This place I love so much: Lady Bird Johnson Wildflower Center

The Wildflower Center played matchmaker when I moved here, giving me the nudge I needed to fall in love with Austin’s rugged, sometimes spiky natural beauty. Still smitten, on Monday morning I strolled the grounds to see what was new. As always, I like to point out that the Wildflower Center is about so much more than wildflowers. It’s a native-plant garden meant to inspire, to teach, and to show off the beauty of native plants. The center keeps it interesting with well-placed displays of sculpture and garden art, redesigned gardens (like the new stock-tank garden), and wildlife-attracting grounds (see yesterday’s Wildflower Center post for pics of the snake, turtle, and other animals I recently spotted there).

Join me for a garden stroll? Red yucca (Hesperaloe parviflora) is about to bloom.

Its long flower stalks are dotted with coral buds.

A smattering of Texas bluebonnets (Lupinus texensis), fast going to seed, ornaments a stand of Agave neomexicana.

Sacred datura (Datura wrightii), already in bloom

This towering American agave stands sentinel at the entrance. That’s an equally large sotol (Dasylirion) behind it.

Coreopsis? I’m not sure, but I bet Rock Rose will know.

Bluebonnets, blanket flower, and yuccas

The neatly divided and bordered demonstration garden, with the new stock-tank display at the far end.

The brilliant flower of a cactus, horse crippler (Echinocactus texensis), I think.

Bonsai of native trees are displayed on wooden tables at one end of the demonstration garden. Cedar elm, Texas persimmon, and bald cypress are beautifully represented. This is very cool.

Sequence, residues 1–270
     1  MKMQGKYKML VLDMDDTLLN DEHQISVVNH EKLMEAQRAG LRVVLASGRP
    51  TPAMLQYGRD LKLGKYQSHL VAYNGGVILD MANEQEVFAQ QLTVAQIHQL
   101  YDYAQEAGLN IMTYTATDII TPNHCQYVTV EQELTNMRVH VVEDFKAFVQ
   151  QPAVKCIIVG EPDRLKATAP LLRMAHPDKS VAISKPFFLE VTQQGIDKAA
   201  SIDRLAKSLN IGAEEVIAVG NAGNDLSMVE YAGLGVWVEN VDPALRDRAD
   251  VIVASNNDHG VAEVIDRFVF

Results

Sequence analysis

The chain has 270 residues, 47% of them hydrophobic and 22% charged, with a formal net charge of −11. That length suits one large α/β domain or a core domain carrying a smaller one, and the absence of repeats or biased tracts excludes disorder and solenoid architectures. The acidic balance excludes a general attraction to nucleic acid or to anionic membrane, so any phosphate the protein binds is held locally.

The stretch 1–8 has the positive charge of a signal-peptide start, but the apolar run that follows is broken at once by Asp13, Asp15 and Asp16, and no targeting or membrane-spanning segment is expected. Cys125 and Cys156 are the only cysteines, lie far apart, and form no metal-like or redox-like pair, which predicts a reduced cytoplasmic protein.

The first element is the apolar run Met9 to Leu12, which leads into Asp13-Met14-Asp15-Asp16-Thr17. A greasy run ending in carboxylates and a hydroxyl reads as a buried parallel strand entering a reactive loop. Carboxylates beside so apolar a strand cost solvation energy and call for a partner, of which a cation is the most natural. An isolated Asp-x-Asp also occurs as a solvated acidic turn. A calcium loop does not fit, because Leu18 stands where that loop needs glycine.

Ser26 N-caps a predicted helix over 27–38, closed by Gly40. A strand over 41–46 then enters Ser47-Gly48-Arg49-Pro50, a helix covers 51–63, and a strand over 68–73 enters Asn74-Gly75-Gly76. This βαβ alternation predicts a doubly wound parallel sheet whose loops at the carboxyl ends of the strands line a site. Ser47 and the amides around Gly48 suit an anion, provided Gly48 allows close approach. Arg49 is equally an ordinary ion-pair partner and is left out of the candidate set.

Morning light captured in leaves high and low…

…and by the sword-like leaves of Spanish bayonet (Yucca aloifolia)…

…and by this light-grabbing combo of Mexican feathergrass (Nassella tenuissima), spineless prickly pear (Opuntia), and Texas sotol (Dasylirion texanum).

Sotol leaves—so mesmerizing

A golden leadball tree (Leucaena retusa) glows in late-morning sunlight, as viewed from an arched passageway.

Moving closer, the golden leadball leads the eye up to the Wildflower Center’s signature tower, which is also a water cistern.

Sundrops, blue mealy sage, and Indian paintbrush

I love this low-growing combo: Mexican feathergrass (Nassella tenuissima) and silver ponyfoot (Dichondra argentea).

Window view

A quote from Lady Bird Johnson, co-founder of the Wildflower Center and native-plant visionary

View of a savannah from a terrace at the Wildflower Center—natural beauty.

Don’t forget that tomorrow, May 8, is the Wildflower Center’s Gardens on Tour 2010, a tour of five private gardens that feature a majority of native plants. See you there!

All material © 2006-2010 by Pam Penick for Digging. Unauthorized reproduction prohibited.

22 Responses

  1. Jenny says:

    You manage to capture everything that is wonderful about the Wildflower Center. It certainly is a place to inspire both with planting and design. I could easily have bumped into you on Monday as I was there giving a tour to the Long Center volunteers. Look for me at Forest Trail tomorrow where I will be in the front garden all morning. I am hoping the weather man is going to give us a cooler day.

  2. Lisa at Greenbow says:

    You make this place seem like a wonderland. Just marvelous photos.

  3. Darla says:

    What a great place. Your photography and choice of descriptive words makes me want to load up in the car and visit!